A basic primer on chemical wood stripping treatments
There are two main types of chemical wood stripping treatments that are commonly used by door and furniture stripping companies like ours. These are solvent paint remover and caustic paint removers.
Solvent Paint Remover
Solvent paint remover is the most effective form of chemical wood stripping treatment for antique furniture. Hence its use in the antiques trade. It is very gentle on the wood and is able to take off all kinds of finishes.
Compared with caustic paint remover, it is more expensive. It also gets into the grain more deeper, making for a thorough stripping job. This form of chemical wood stripping does have one disadvantage: it stinks. Solvent paint remover has an overpowering smell; therefore, any restoration work needs to be done in a well-ventilated room. He or she will need personal protective equipment, especially a face mask and possibly goggles.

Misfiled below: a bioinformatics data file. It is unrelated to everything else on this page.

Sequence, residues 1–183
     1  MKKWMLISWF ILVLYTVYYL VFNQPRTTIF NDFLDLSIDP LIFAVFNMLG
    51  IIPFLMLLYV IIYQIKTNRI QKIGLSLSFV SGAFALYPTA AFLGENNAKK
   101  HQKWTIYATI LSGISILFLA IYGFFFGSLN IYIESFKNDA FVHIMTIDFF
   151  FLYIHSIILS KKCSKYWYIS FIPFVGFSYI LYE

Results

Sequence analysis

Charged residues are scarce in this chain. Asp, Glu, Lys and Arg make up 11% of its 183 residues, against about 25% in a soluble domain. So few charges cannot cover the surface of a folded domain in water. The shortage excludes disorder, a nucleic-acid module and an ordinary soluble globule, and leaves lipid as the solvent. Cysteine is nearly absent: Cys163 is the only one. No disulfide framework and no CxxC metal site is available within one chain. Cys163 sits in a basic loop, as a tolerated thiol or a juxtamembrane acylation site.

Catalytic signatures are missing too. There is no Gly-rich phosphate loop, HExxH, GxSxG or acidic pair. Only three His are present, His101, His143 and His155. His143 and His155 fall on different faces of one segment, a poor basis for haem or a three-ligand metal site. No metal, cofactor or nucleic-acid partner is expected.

Caustic Paint Remover
If you need to shift thick layers of paint or varnish, caustic paint remover is the one you need. Paint stripping comes into its own with this form of chemical wood stripping treatment. Especially on pine doors, in preparation for repainting or staining.
Unlike solvent paint remover, fumes are few and far between. It is also cheaper and works faster. With some woods, its alkaline base may react with the chemicals. This is particularly true with mahogany and some varieties of oak. As well as wood, caustic paint remover works with plaster.
As with solvent paint remover, you do need personal protective equipment, especially as caustic paint removal is corrosive.
For a solvent paint remover like Barrettine Paint Panther Paint and Varnish Remover, prices start from £4.99 for 250ml. Then for 1 Litre, £12.00; 2.5 Litre for £23.00; and 4 Litre for £32.00. With caustic paint remover, there is also a suitable alternative: PeelAway 7’s Paint Remover, starting at £12.50 for 750g. Or £42.00 for 4kg, and £90.00 for 10kg.
Premium Door Stripping, 07 December 2016.